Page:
What I did with all the Halloween candy

by | Well Balanced Wisdom

I love fall. The weather is cooler, the leaves change color and it’s the perfect time to get outside. Not to mention it marks the beginning of many celebrations and holidays to come…which is a wonderful thing and a challenging thing all at once.

Halloween is the first celebration of the season and boy was that fun! Don’t you just love seeing kids in their costumes all giddy for candy? And walking past all the houses with spooky decorations?

Of course, my 3-year-old wanted to be Elsa and my little guy was an adorable dragon. They did a great job of collecting tons of goodies in their plastic pumpkin buckets, but now I am dealing with the aftermath.

elsa dragon

Candy on the brain. It’s all my little Elsa wants in the morning and in the afternoon and before bed. She sees that plastic bucket and she wants to consume all the candies! If you give her one she asks for “one more” and then “one more.”

Can you blame her? I can’t. She is just like her mom. I see the candy sitting out and I grab a piece. Then I think to myself, ” maybe just one more.” I am not a good moderator with chocolate and cookies. I do much better if it’s out of sight, out of mind.

So here is my 2 part strategy for the Halloween candy stash.

  1. I created a game board that I titled LIFE IS SWEET. I found a poster board and wrote the rules of the game: (1) Be sweet. (2) Be grateful. (3) Enjoy a sweet treat. I taped/glued on 30 paper cups and let my little girl pick out 30 of her favorite pieces of candy which she then put in each cup.  I covered the cups with a square of tissue paper labeled 1-30. Now every day in November after we recall the ways in which she was sweet that day – for instance, being a good friend, listening to mom and dad, being kind to her brother – and say out loud one thing she is thankful for she can enjoy a treat. (By the way, the two things she is grateful for so far are candy and macaroni and cheese! Ha!)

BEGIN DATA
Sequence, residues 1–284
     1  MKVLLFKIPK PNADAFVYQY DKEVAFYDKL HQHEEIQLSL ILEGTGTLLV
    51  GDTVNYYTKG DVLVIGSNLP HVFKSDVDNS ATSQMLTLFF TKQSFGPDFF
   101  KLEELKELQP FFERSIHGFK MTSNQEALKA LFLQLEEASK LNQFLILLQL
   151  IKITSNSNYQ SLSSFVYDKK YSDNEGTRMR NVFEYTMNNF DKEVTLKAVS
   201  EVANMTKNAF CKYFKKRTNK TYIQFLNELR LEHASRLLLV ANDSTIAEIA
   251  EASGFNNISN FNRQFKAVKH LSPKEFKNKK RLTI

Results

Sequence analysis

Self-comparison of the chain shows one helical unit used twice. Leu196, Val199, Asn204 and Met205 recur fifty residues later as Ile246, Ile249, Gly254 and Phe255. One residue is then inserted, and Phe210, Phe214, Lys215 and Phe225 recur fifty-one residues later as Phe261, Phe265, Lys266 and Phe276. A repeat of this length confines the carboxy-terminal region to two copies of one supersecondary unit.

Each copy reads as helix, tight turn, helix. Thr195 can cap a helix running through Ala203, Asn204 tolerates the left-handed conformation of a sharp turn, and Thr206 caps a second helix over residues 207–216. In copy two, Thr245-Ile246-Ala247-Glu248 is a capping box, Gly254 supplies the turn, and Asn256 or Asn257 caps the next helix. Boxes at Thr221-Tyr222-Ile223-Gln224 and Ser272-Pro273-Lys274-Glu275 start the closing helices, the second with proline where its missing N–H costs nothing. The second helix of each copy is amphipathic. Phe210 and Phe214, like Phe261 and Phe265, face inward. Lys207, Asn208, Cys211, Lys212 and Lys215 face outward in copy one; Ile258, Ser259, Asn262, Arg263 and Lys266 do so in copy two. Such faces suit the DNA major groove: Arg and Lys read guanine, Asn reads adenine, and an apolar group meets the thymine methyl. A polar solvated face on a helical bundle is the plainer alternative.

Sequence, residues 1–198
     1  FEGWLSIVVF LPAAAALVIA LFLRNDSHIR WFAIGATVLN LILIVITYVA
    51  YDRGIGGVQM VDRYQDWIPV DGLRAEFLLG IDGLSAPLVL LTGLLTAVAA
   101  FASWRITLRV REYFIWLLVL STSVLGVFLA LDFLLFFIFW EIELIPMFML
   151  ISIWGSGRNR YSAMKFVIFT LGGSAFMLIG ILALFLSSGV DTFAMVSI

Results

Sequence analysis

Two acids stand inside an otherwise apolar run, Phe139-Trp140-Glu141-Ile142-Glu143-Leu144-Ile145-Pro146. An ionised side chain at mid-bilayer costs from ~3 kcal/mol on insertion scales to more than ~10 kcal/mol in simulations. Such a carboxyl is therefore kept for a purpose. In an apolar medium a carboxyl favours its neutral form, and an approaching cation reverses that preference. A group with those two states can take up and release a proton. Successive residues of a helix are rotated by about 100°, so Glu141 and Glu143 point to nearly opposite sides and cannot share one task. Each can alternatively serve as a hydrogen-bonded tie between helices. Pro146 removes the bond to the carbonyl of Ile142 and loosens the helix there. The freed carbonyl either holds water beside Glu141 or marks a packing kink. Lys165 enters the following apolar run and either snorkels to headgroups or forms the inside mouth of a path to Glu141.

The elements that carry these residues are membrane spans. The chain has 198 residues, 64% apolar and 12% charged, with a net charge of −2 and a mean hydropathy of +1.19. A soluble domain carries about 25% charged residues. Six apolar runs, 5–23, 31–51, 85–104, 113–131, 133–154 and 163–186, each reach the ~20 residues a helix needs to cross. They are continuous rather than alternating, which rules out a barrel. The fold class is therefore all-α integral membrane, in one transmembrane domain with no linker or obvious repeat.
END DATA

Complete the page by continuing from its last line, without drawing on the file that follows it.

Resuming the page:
2. I put the rest out of sight so it can be out of mind. I froze the rest of the chocolate candy to pull out on special occasions throughout the next 10 to 12 months or when the dire craving hits. The non-chocolate candy went in the cabinet.

I’m hopeful that the 2-part strategy will eliminate the desire to overindulge and create a fun element to enjoying the candy over time.

Food for thought:

Are you a moderator or an abstainer when it comes to Halloween candy? How about other holiday treats?

What strategies can you use to make it easier to avoid overindulging when ______ is present in abundance?

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